A real catastrophe came and went, and I’m really glad to say that I laughed through it all. Maybe it was because I had been up since the crack of dawn that day, but the whole kitchen disaster was really funny to me even though my hands were shaking the whole time, too.
Let’s rewind. We were supposed to make a beautiful pistachio and chocolate Christmas log cake. The pistachio paste appeared kind of creepy to me; it is bright green and reminds me of the Slurpee I sneakily downed behind my parents’ back and then promptly threw up on the sidewalk when I was five. The chefs casually mentioned that the pistachio paste isn’t the best quality, either, and hence the flavour wasn’t very pronounced. It is a really pretty log cake to look at, though, and very festive.
Anyway…so I had a long day that day, starting with the pithiviers in the morning, and then the demonstration on the log cake, and then a night time practical making the log cake. We passed the time in between classes at Starbucks making our notes and chatting, and I played Scrabble on my phone with Kasia, too. I arrived in class feeling pretty happy and excited. We whisked egg yolks, egg whites, pistachio paste, blah blah blah. When I finished folding my cake mixture, the chef peeked over my shoulder and complimented me on a job well done – my batter was light, fluffy, and a very nice green colour. He told my friend to check mine out since hers was a bit more liquid-y and darker in colour.
We put our cakes in the oven, carried the whisking bowls to the sink for the dishwasher, and then I was faced with disaster. My little bowl of flour was still sitting on the worktop. As in, my cake had no flour. As in, quelle catastrophe!!
I had measured out the flour to add in at some point but it got lost behind all the big whisking bowls…and my notes failed to remind me about this particular step of adding flour.
I turned around to the chef, the young one who has continued to be in a great mood most days, and told him sheepishly I had no flour in my cake. His eyes widened. He tried not to laugh. He looked at my cake in the oven and said dryly, “You’ll see what happens. It’ll shrink. It’ll be very hard to work with. Good luck.”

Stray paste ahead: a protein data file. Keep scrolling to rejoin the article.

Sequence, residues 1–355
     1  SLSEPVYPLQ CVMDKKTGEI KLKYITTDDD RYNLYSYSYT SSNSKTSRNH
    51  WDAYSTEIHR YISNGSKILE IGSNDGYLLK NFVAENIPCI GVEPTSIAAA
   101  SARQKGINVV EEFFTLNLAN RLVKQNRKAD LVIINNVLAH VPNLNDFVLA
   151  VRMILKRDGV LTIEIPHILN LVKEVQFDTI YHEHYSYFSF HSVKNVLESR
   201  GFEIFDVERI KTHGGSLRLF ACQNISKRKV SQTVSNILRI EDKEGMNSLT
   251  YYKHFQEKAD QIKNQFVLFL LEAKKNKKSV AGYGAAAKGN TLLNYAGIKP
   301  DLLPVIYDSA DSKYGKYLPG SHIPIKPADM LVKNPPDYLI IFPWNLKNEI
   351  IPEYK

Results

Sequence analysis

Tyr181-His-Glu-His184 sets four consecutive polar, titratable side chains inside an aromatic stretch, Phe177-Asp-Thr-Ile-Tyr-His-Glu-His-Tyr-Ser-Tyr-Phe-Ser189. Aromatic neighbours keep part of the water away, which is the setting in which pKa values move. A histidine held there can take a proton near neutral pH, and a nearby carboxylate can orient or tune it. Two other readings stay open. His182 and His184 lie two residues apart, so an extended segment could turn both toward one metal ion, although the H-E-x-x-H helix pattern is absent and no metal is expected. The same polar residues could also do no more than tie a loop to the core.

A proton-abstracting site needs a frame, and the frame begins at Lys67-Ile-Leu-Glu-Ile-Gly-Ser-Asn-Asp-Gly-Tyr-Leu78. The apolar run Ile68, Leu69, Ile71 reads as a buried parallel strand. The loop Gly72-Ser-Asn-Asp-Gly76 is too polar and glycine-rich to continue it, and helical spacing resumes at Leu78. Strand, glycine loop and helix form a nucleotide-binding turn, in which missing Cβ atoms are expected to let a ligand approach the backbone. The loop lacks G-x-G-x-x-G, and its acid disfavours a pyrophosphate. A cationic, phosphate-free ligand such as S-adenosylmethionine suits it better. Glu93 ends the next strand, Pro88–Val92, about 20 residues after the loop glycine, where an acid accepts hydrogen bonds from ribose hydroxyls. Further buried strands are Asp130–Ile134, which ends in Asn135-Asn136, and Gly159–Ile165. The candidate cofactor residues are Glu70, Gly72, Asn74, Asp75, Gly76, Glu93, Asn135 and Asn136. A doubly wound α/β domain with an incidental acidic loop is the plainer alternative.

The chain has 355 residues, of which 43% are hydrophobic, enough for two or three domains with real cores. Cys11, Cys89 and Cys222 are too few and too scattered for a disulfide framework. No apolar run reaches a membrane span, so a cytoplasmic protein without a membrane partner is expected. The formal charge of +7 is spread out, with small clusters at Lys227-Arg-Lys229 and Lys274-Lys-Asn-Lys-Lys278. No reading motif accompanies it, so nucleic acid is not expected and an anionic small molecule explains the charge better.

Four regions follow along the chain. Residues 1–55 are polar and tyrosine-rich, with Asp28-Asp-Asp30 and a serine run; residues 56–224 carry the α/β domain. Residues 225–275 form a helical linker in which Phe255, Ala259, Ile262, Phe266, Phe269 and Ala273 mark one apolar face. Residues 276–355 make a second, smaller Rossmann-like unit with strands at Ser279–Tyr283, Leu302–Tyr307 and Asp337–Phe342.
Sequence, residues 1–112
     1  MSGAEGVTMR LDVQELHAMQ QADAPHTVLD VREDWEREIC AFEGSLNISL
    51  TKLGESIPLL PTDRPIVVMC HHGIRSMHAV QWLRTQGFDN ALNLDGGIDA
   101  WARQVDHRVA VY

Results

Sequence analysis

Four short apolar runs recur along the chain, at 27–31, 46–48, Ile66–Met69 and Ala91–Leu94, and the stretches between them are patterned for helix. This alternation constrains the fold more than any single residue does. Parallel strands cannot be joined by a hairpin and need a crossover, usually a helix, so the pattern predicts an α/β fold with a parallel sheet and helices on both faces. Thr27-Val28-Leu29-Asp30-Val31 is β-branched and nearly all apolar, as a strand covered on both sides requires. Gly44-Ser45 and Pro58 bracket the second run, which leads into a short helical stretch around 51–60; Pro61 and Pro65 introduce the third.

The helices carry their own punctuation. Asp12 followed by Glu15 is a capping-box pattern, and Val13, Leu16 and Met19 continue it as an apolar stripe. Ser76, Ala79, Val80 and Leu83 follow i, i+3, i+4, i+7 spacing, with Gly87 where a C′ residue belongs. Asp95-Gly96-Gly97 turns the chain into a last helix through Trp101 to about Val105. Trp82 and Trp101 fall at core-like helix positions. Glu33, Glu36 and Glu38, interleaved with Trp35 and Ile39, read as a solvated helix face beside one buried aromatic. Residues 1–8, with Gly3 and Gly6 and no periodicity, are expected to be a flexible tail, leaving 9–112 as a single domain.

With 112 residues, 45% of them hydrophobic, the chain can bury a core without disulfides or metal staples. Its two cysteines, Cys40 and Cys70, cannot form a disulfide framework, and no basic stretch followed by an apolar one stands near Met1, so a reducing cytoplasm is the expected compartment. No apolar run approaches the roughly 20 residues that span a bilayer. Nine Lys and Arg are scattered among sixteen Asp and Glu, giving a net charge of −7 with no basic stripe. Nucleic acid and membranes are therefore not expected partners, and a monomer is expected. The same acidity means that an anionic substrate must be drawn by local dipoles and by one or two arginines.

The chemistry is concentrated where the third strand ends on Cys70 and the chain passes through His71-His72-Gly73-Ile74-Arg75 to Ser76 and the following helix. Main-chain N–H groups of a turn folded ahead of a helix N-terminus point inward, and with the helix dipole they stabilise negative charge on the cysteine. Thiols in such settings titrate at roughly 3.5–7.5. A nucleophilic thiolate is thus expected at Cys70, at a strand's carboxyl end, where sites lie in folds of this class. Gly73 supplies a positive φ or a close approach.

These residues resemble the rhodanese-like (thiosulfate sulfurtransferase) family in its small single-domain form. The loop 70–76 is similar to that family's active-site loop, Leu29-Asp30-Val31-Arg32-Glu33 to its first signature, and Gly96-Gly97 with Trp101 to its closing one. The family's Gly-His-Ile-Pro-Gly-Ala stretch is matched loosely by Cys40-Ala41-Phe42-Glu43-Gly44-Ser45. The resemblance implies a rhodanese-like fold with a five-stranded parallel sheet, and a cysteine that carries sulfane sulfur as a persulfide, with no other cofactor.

Riiiiight. My cake baked beautifully, I’ll have you know. I have nothing to prove it except for eyewitnesses, but this flourless pistachio cake puffed up like it was infused with rainbows and unicorns. Then when it was done, we all put our cakes into the flash freezer for a few minutes to cool down. When I took mine out, it looked like something completely different.
It was like the flash freezer was an aging machine, and my cake had gone from being a vibrantly fluffy and happy teenager to a shrivelled up old woman nearing 100 years old. While my classmates trimmed off the excess, I had nothing to trim. The chef gave me one of his signature smirks as I carried my cake back to my work station with dismay.
Slowly I hacked away at my cake to make it into thirds, with one of my classmates looking on anxiously and stepping in to help me when I looked like I couldn’t decide whether to cry or laugh. My friend, in the mean time, was trying to be supportive but every time she looked over she would burst out laughing. Just imagine cutting up the most shrivelled piece of toast that you’ve sat on a few times – horizontally, into thirds. It was hard work!
As I filled out the log-shaped mould with chocolate ganache and what remained of this cake, I felt better. After all, where I lacked in cake, I just filled up with chocolate! The end result looked pretty good, if I may say so myself. The only thing is that I worked the chocolate ganache a little too much from all that over-usage, so my ganache started to separate a little bit by the end.
We had to slice the cakes in the front and back, as is tradition with these logs…and I heated up my knife a little too much. My knife is now a little yellow-tinged (oops), and the chocolate totally singed and burnt on the cake (double oops).
In the end, the chef’s comments were most surprising and uplifting. He was incredibly supportive of my ordeal. When I presented him my cake, he told me with a smile that I had a difficult challenge with my cake, and he was really pleased to see that I made something beautiful with it. He told me my cake would taste much better without the flour covering up the taste of pistachios, and he was totally right. He was even forgiving about my lumpy looking ganache, saying that he didn’t blame me for having it separate eventually (I did have a really great ganache to begin with…).
So there you have it, the biggest mistake I’ve made in a practical, with a happy ending. It was really funny, and I’m glad to have lived through the experience to know what to expect the next time something goes wrong!
The ‘ugly’ side from cutting